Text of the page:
Flint Town Season Review

Flint, Michigan is one of the most dangerous cities in America, if not the world and has been consistently in America’s top ten for over three decades. After the abandonment of the motor industry, the town has spiralled into poverty, substance abuse, violence and crime. This is further compounded by crippling budget cuts to the running of basic local services and amenities like the fire department and police. Nine police cars cover a town of 100,000 residents with a recent reduction in officers from 300 to 98. Then, in 2014, to save money the Governor decided a change in policy was required and switched the water supply, re-routing it through old pipes causing dangerous level of contamination. It can no longer be used for cooking, drinking or cleaning. The Environment Protection Agency categorised Flint’s water as more than twice as polluted as hazardous waste.

This sets the background for a gripping, yet ultimately depressing documentary series that charts a town in the most severe of crises against the backdrop of an election campaign of the town’s Mayor, the fate of the current Police Commissioner and the Senate investigation into the water supply scandal. You could cut the feeling of mistrust, anger and suspicion by the residents of the Government and all instances of authority with a poorly cleaned knife.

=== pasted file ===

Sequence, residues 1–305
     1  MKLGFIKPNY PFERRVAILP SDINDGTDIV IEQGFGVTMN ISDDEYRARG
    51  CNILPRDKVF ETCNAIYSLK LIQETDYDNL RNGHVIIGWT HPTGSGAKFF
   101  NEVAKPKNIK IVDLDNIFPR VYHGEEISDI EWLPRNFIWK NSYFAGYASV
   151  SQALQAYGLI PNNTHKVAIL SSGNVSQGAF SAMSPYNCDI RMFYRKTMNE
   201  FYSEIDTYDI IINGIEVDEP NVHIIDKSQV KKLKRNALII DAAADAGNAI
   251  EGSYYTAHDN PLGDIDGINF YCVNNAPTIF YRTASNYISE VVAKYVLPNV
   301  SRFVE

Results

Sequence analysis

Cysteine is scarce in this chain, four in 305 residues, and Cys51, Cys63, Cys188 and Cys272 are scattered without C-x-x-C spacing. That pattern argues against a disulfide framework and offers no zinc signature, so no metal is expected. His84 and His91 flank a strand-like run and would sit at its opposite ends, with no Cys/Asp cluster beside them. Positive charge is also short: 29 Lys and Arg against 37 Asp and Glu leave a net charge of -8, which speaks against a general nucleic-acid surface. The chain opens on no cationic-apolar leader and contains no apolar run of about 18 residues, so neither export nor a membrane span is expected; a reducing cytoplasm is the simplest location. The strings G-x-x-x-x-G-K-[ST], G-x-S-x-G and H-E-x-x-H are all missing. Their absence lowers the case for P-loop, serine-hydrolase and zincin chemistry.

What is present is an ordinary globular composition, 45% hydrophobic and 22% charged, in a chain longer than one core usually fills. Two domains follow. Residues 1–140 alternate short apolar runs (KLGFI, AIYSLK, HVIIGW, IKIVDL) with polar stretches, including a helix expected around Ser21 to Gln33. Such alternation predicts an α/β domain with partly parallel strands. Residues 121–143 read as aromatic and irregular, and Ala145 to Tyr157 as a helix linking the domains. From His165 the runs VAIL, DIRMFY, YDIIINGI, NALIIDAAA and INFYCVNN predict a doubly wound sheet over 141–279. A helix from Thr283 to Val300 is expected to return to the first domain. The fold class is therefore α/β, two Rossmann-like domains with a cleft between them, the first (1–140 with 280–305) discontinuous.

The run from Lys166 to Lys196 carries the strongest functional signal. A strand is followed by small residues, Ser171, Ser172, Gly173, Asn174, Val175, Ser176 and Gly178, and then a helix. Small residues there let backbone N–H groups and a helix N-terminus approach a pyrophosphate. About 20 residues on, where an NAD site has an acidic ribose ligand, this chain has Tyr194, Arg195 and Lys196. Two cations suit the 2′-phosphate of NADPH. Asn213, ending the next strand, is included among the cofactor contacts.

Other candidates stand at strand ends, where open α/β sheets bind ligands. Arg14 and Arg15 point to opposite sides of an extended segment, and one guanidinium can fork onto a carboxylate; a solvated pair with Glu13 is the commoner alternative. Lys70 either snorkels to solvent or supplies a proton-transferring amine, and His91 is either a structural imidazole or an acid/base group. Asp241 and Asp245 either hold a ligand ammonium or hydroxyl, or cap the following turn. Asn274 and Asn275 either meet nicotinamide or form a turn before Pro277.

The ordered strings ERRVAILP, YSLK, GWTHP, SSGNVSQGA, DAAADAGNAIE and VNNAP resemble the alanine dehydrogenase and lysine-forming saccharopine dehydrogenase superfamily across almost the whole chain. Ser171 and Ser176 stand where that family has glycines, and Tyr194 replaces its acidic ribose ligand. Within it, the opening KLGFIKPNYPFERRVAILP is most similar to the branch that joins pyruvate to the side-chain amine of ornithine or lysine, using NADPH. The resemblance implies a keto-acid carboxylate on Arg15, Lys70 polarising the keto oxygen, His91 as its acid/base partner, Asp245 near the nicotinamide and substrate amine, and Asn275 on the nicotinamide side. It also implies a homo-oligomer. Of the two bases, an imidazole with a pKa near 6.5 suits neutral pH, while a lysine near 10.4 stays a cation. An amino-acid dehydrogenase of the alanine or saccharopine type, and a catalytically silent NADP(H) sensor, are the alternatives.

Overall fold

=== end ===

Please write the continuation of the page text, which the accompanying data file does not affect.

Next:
The documentary is a blend of one-on-one interviews and “Cops” style ride-alongs that work well and allows you the viewer to empathise and build a rapport with both the severely understaffed and ill quipped officers as well as the residents that they are sworn to protect. It is fortunate for the filmmakers that the series was filmed during the 2016 Presidential Election Campaign, Black Lives Matter protests, the Dallas police ambush and several controversial handlings of unarmed black men by Police Officers.

What you get is a clear behind the curtains look at what Obama and Trump’s America is really like in poverty-stricken small(ish) town America and it is compelling and harrowing at the same time whilst also a study into the racial issues gripping America today.

There were times when the show loses its train of thought (did we really need to follow two of the officers on their first holiday together?!), but overall the show manages to pull off the unthinkable; an informed perspective into possibly the worst place to live in the US without sticking out its hand to beg for quarters. Bravo.

Watch this if you like: “Erin Brockovich”, “Dope”, “COPS”


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